Friday, December 09, 2005

Like the . . . of horses

A couple of more choice quotes from 1 Enoch:

"And as I continued to see in the vision, behold, from that time, one of the four, among those who had come out, was stoning from the sky, and gathering and taking away all the mighty stars, whose sexual organs were like the sexual organs of horses; then he bound all of them hand and foot, and cast them into the pits of th earth" (1 Enoch 88.2; Isaac, OTP, 64). See also 1 Enoch 86.4; 90.21 for the same.

I wish I had Nickelsburgs Hermeneia commentary at hand before I even try to explain this one. I wonder if it is a sign of deformity, the consequence of angelic/human progenty, or else a compliment! Combined with my rabbinic reference to b.Niddah 13b people might start to think that I have a lewd mind.

Otherwise, I'm about to sit down and listen to the complete works of Les Miserable, down half a bottle of Aussie cabernet merlot, and read the latest issue of New Testament Studies.

4 comments:

the lost message said...

There she lusted after her lovers, whose genitals were like those of donkeys and whose emission was like that of horses. So you longed for the lewdness of your youth, when in Egypt your bosom was caressed and your young breasts fondled. Ezekiel 23v20-21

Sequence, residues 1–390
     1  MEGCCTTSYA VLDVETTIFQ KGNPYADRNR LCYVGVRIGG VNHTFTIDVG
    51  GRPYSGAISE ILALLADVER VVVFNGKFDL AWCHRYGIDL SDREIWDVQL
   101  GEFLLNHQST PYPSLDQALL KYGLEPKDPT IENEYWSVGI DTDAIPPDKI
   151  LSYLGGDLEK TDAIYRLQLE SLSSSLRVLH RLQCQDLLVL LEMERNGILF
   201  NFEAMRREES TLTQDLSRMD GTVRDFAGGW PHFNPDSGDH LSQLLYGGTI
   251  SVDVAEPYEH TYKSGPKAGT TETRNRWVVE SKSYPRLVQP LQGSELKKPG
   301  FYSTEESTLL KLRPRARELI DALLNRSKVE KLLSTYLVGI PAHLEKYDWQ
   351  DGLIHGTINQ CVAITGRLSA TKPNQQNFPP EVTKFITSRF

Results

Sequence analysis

I know of a church which has a bet going for anyone who can successfully preach on this passage and get invited back!

So in Enoch the genitals were like Horses, but in Ezekiel we have donkeys. Well at least the emission was at horse standard!

When lessons get boring and my A level students say the Bible is boring I often turn to this passage. I have a lesson plan on 'The XXX Bible'!!

Simon

Jeremy Pierce said...

Simon, my congregation preached through the entire book of Ezekiel, so they certainly preached that passage. I came in when they were on chapter 33, so I missed it, but I know they did it. I've seen the schedule, and they did the whole book.

the lost message said...

Hi Jeremy,

So in true preaching style I hope the speaker:

1. Explained what it says
2. Explained what it means to the author and the context of the passage.

and my fav...

3. Application!! How can we apply this to our everyday Christian lives!!

Anonymous said...

There is probably some hellenistic influence here as well. the Greeks believed the perfect man could overcome his carnal nature and focus on the mind and philosophy and such. Being well-endowed (and hairy) was a sign that the man was controlled by his sexual urges. This is why much Greek and even later artwork (influence by Hellenism) artwork portrays men very fair skinned and smaller genitalia. The author of Enoch is probably saying that the angels/Nephilim are totally controlled by their carnal appetites. Just my 2 cents.
Danny Zacharias